Our goal, of course, was to supply the LED and whatever else it took to solve the problem. So, after meeting with Jobs and his purchasing and engineering staff, we proceeded to design a proper “Light Pipe” for them and as I recall, even machined a hand-made prototype for them. Weeks went by without any news of Apple’s intention to proceed with an order for us to make this delicate optical device for them. Our sales representative was continually stalled and told that things were, “held up in engineering”. A few weeks later the new iPod hit the shelves of every Apple store in the Country, using the Light Pipe, we had designed for them, along with an LED made in China. At the direction of Jobs and his staff, their engineers in China had reverse-engineered our design and put it into full production while we were being told that the project was “held up in engineering”.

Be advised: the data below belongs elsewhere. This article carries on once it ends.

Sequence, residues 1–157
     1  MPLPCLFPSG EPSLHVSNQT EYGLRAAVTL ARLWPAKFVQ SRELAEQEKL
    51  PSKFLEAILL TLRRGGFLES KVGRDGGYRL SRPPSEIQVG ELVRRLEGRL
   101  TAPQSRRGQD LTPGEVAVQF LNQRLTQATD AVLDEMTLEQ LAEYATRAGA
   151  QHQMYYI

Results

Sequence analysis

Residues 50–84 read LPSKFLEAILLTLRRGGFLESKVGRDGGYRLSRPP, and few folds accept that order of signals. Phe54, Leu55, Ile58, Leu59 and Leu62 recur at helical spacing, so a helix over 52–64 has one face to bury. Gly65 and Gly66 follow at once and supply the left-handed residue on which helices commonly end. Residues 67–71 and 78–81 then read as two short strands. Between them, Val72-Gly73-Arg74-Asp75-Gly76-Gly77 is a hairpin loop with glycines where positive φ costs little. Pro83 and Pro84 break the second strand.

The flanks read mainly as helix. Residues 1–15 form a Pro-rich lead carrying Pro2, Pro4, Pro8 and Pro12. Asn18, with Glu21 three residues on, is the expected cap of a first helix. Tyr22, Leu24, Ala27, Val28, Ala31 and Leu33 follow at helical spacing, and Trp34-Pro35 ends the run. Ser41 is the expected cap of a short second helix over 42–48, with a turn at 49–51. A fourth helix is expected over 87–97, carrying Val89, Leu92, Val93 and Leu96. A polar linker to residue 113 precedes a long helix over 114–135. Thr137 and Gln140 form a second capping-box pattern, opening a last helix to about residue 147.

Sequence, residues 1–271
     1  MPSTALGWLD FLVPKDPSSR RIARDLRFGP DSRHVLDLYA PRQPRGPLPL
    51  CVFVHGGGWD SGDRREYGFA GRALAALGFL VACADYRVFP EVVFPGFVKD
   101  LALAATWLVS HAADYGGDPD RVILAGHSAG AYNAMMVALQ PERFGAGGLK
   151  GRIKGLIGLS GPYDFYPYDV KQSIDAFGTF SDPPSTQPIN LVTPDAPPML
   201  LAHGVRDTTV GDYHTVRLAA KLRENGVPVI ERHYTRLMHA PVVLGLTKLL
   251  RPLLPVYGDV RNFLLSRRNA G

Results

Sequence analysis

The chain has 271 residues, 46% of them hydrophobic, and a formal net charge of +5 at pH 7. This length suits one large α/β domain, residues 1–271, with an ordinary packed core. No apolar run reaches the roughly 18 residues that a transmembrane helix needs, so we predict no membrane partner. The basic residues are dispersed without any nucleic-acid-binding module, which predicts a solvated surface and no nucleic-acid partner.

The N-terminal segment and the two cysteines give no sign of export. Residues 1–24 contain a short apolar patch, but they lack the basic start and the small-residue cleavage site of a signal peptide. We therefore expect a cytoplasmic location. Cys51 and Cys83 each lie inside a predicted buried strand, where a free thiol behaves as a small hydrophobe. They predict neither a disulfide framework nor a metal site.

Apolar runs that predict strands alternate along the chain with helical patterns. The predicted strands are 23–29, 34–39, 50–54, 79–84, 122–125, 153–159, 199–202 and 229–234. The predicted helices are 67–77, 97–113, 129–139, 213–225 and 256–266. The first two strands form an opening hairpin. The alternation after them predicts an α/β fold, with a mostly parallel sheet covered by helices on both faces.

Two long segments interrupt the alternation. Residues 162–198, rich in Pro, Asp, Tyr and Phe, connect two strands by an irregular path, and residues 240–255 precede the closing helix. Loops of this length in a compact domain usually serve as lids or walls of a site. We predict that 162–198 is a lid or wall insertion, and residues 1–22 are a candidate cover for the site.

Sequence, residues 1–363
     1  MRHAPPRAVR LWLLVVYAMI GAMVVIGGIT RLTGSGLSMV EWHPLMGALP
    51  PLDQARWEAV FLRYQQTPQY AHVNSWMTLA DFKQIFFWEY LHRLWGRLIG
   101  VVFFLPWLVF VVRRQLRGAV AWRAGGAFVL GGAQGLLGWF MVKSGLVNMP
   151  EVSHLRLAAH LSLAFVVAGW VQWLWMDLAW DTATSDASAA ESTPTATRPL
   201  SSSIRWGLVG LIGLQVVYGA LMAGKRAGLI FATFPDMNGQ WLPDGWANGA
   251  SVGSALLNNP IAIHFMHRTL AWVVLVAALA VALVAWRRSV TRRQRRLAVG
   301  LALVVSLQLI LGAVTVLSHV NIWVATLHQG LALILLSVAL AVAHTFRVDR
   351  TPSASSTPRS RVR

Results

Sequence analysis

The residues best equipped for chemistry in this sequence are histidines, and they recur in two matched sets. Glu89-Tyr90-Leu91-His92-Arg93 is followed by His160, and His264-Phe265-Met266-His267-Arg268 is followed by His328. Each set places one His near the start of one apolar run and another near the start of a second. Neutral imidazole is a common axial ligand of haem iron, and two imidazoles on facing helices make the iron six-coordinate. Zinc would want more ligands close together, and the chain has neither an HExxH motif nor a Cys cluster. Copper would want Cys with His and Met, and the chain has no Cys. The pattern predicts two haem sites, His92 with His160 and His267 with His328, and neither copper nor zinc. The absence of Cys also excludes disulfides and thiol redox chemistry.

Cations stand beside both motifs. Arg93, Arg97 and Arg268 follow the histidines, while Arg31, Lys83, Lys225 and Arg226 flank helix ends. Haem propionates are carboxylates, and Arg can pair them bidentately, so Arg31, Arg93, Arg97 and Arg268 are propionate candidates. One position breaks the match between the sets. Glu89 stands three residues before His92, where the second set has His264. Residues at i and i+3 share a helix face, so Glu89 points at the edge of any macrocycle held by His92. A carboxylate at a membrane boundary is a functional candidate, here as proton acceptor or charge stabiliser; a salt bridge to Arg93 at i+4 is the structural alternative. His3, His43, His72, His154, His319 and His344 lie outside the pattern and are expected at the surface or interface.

Donald Trump

I never met Trump of course and I am sure I never will but no list of assholes could ever be complete without at least an honorable mention.

Politics is but one example of what often becomes a case of misplaced priorities. Trump and others like him often accomplish things that go unnoticed or worse yet ignored and condemned solely because of where they came from. Is Advanced Micro Devices’ success no longer valid because of Sanders’ personal behavior? Should the incredible successes of Grove or Jobs be discredited because they were undesirable characters? Should we pretend that Tump’s long list of achievements is of no value because an asshole was behind the progress? If voters were able to set aside their personal feelings about the leaders they choose, the Country would be richer for it.[ii]If we move quickly, perhaps Jimmy Carter could still be available.

By: Jim
Written: c2019
Published: April 2022
Revised: May 2022


i He sold the house for the asking price but I never learned any more about the “terms”.
ii If we move quickly, perhaps Jimmy Carter could still be available.